By Bianca Garner
For this Women’s History Month, I have decided to focus on creating some top ten lists which discuss films, biopics and documentaries about women in history that will hopefully inspire and inform readers about the accomplishments of women throughout history. For this piece I am focusing on ten women who deserve their own biopics and will be discussing who I think should star in the film, who could possibly direct the film and why their stories deserve to be seen on the big screen.
Grace Hopper (December 9, 1906 – January 1, 1992), computer scientist and United States Navy rear admiral. Notable achievements: One of the first programmers of the Harvard Mark I computer and a pioneer of computer programming who invented one of the first linkers.
At the age of just seven years old, Grace Hopper was dismantling alarm clocks to see how they operated. Hopper’s interest in geometry and mathematics saw her eventually studying her doctorate at Yale University. Her original plan was to become a professor but she didn’t receive the satisfaction from this type of profession, so made the decision to join U.S. Navy Reserve. Her computing career began in 1944 when she worked on the Harvard Mark I Team on their programming staff. By 1949, Hopper was a senior mathematician at the Eckley-Mauchly Computer Corporation and joined the team developing the UNIVAC. The UNIVAC was the first known large-scale electronic computer in the 1950s.
Hopper had the idea to implement a new programming language that would use entirely English words and eventually worked on the COBOL. COBOL stands for Common Business-Oriented Language and was a computer language for data processors that used English as a means to direct a computer’s actions instead of using just code.
Who could play Grace Hopper in the inspiring biopic of her life? Well, with a career that span over forty years the best approach to take would be to have Grace being played by two or three different actresses to represent the different stages of her life. Maybe Amy Adams, Natalie Portman or Emily Blunt for the earlier stages of her story and then someone along the lines of Glenn Close or Frances McDormand for the mid/later stages of her career?
In regards to female filmmakers who would be suited to this project. Well, someone like Kathryn Bigelow could be a perfect fit for a picture like this. Bigelow has proven that she’s suited for the historical genre with her 2017 film “Detroit” and of course she’s had success with action/war films with the likes of “The Hurt Locker” and “Zero Dark Thirty“. Another filmmaker who could be suitable for this project is Marielle Heller who has proven that she is a perfect fit for the historical genre with her films “The Diary of a Teenage Girl”, “Can You Ever Forgive Me? ” and “A Beautiful Day in the Neighborhood”. Heller has stated that she is drawn to stories about “human beings trying to navigate through the world.” so I have a feeling that Hopper’s life would really appeal to her.
Althea Gibson (August 25, 1927 – September 28, 2003), tennis player and professional golfer. Notable achievements: the first African American to win a grand slam title
There’s no denying that Althea Gibson faced some great challenges in her life, she was born in 1927 just before the Great Depression hit and at an early age her family moved to Harlem as part of the great migration. Her father’s abusive behaviour meant that she left school at just thirteen years old and spent time living in a home for abused children. Gibson was naturally gifted at tennis, and by the age of twelve she was was the New York City women’s paddle tennis champion. Despite the racism of the time, Gibson’s reputation saw her be recognised and supported by many within the sporting world.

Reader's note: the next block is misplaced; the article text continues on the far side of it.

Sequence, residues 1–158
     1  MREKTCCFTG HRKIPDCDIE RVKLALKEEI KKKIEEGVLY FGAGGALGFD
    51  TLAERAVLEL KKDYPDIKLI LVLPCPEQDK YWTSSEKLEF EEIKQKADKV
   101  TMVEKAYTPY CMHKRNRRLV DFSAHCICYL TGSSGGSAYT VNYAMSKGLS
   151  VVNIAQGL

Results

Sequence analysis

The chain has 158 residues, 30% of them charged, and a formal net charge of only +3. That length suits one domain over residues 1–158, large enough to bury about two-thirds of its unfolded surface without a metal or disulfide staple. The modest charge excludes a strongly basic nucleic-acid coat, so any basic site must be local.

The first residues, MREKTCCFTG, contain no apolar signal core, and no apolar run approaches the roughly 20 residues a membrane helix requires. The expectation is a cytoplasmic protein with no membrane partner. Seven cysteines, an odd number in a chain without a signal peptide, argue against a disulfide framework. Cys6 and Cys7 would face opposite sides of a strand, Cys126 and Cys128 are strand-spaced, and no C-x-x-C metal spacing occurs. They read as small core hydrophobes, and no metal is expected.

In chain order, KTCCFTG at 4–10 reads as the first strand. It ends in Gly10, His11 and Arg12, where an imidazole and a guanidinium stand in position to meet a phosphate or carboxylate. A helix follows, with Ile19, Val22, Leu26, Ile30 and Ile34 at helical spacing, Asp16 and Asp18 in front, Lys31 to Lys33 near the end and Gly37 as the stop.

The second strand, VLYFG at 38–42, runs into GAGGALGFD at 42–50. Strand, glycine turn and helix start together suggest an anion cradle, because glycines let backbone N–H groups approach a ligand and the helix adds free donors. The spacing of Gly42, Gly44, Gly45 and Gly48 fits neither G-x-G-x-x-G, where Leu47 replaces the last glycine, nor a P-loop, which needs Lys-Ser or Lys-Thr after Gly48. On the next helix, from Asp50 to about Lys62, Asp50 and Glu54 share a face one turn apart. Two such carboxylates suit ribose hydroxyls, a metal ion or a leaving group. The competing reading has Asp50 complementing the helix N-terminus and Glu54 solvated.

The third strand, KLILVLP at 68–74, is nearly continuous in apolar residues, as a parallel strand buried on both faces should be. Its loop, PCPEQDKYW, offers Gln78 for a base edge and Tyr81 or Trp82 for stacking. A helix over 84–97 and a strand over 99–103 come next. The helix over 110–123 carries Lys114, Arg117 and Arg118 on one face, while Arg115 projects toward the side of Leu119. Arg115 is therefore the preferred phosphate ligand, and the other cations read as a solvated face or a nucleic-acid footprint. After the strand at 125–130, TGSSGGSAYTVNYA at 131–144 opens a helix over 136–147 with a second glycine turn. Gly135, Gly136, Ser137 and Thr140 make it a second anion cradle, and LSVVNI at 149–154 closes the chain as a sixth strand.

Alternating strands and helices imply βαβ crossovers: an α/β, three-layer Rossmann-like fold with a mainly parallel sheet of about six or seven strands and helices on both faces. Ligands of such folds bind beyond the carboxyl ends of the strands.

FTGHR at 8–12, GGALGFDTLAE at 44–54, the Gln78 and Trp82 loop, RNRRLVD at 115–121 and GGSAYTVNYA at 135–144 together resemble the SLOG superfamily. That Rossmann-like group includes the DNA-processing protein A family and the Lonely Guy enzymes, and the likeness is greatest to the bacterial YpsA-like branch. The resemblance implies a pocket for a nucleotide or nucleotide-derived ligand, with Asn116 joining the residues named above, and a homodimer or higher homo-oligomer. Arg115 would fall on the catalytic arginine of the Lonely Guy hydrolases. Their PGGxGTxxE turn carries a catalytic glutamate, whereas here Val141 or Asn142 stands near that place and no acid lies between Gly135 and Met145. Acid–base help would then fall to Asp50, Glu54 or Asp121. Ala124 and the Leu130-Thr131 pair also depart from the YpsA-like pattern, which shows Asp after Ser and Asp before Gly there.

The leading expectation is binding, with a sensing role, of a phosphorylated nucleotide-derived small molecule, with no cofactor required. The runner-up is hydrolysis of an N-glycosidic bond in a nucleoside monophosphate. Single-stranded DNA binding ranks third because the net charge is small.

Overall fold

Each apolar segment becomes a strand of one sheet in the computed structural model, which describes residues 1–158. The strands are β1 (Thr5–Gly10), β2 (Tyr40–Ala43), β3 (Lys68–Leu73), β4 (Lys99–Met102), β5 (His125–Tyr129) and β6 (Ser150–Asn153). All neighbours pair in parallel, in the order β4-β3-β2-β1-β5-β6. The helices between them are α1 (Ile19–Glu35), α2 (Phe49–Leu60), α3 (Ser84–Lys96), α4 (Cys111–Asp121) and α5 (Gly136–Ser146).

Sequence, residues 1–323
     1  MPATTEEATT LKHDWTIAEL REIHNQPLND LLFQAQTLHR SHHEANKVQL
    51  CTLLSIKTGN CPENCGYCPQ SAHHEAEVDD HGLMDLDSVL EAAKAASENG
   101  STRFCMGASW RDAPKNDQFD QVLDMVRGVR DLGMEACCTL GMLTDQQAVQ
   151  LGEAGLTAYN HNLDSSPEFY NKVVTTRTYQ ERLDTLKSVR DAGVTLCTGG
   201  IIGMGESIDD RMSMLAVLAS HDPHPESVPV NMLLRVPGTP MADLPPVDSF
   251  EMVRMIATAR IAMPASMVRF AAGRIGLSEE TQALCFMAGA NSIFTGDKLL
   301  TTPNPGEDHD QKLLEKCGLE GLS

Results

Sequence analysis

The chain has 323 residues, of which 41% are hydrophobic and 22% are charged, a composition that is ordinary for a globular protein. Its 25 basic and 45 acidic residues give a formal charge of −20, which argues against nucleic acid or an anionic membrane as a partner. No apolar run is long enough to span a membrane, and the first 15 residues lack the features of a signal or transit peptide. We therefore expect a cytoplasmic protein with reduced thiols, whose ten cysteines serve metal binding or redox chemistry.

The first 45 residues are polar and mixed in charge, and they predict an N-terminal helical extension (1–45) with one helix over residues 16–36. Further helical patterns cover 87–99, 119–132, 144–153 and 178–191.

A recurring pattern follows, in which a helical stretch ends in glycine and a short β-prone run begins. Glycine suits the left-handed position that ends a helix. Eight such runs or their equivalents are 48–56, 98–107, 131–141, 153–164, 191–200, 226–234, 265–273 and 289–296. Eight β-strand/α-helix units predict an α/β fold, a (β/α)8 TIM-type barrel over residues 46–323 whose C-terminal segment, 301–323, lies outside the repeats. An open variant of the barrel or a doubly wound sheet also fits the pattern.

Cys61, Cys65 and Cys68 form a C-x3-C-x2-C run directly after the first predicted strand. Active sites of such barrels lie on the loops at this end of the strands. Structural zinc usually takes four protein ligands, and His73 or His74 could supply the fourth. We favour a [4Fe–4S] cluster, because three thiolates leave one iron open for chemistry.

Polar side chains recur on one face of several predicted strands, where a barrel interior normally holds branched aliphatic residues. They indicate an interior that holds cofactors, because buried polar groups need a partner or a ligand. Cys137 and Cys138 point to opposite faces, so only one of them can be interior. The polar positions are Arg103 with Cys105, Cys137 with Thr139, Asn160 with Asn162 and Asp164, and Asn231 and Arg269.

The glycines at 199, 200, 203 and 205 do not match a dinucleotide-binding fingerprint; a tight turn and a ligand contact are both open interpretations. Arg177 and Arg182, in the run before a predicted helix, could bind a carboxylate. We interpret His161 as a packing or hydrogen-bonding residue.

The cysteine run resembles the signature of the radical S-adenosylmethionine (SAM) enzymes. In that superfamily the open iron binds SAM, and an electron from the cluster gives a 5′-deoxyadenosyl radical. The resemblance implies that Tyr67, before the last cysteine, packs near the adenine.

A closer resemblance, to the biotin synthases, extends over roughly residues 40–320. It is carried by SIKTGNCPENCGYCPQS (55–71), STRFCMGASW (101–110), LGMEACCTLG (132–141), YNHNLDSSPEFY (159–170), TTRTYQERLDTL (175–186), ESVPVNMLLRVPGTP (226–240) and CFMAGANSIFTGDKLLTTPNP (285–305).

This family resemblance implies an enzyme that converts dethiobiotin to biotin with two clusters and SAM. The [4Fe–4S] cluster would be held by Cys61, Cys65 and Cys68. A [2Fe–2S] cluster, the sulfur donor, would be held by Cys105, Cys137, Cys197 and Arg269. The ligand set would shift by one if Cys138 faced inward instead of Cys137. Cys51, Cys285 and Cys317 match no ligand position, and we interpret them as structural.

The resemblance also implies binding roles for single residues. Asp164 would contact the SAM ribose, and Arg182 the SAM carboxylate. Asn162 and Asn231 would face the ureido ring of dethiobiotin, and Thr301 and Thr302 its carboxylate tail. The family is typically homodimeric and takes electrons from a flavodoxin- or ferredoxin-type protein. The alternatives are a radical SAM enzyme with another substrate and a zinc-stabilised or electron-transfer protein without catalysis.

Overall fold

In 1956, she became the first African American to win a Grand Slam title (the French Championships). The following year she won both Wimbledon and the US Nationals (precursor of the US Open), then won both again in 1958 and was voted Female Athlete of the Year by the Associated Press in both years. In all, she won 11 Grand Slam tournaments: five singles titles, five doubles titles, and one mixed doubles title. Gibson was inducted into the International Tennis Hall of Fame and the International Women’s Sports Hall of Fame.
Honestly, I’m surprised that the story of Althea Gibson hasn’t already been adapted for the big screen, it’s such a shame that in 2021 her story hasn’t been told yet. If anything this sad realisation again proves that racial equality still has a long way to go in Hollywood. If you want to see how dire the situation is in Hollywood then I recommend you check out the Women and Hollywood statistics here which paints a miserable picture.
To help rectify this issue, I think this biopic is an absolute must. In terms of actresses who could be suited for this role, I could see the talented Zazie Beetz being a perfect candidate. Or perhaps, the equally wonderful Amandla Stenberg? In terms of filmmakers, I would love to see Ava DuVernay work her magic. Or maybe even Kasi Lemmons?
Junko Tabei (22 September 1939 – 20 October 2016), mountaineer. Notable achievements: the first woman to reach the summit of Mount Everest and the first woman to ascend the Seven Summits
As an avid climber myself, I am shocked that I am unaware of Junko Tabei’s achievements. She was the first woman to reach the summit of Mount Everest and the first woman to ascend the Seven Summits, climbing the highest peak on every continent. Tabei wrote seven books, organized environmental projects to clean up rubbish left behind by climbers on Everest, and led annual climbs up Mount Fuji for youth affected by the Great East Japan Earthquake.
As a young frail child, Junko wasn’t expected to go on to become one of the greatest female climbers of all time. In fact, she originally planned to be a teacher. However, as an adult she decided to try her hand at climbing once again. There were some men who welcomed her as a fellow climber, but there were also others who questioned her motives for pursuing a typically male-dominated sport. Soon, Tabei had climbed all the major mountains in Japan, including Mount Fuji. By the 1970s, she was ready to take on Everest. When she was on the search for sponsors who her expedition she was told that “women should be raising babies” instead of climbing…! Still, that didn’t keep Tabei on the ground for long. on the 16th May 1975, she finally reached the summit of Everest.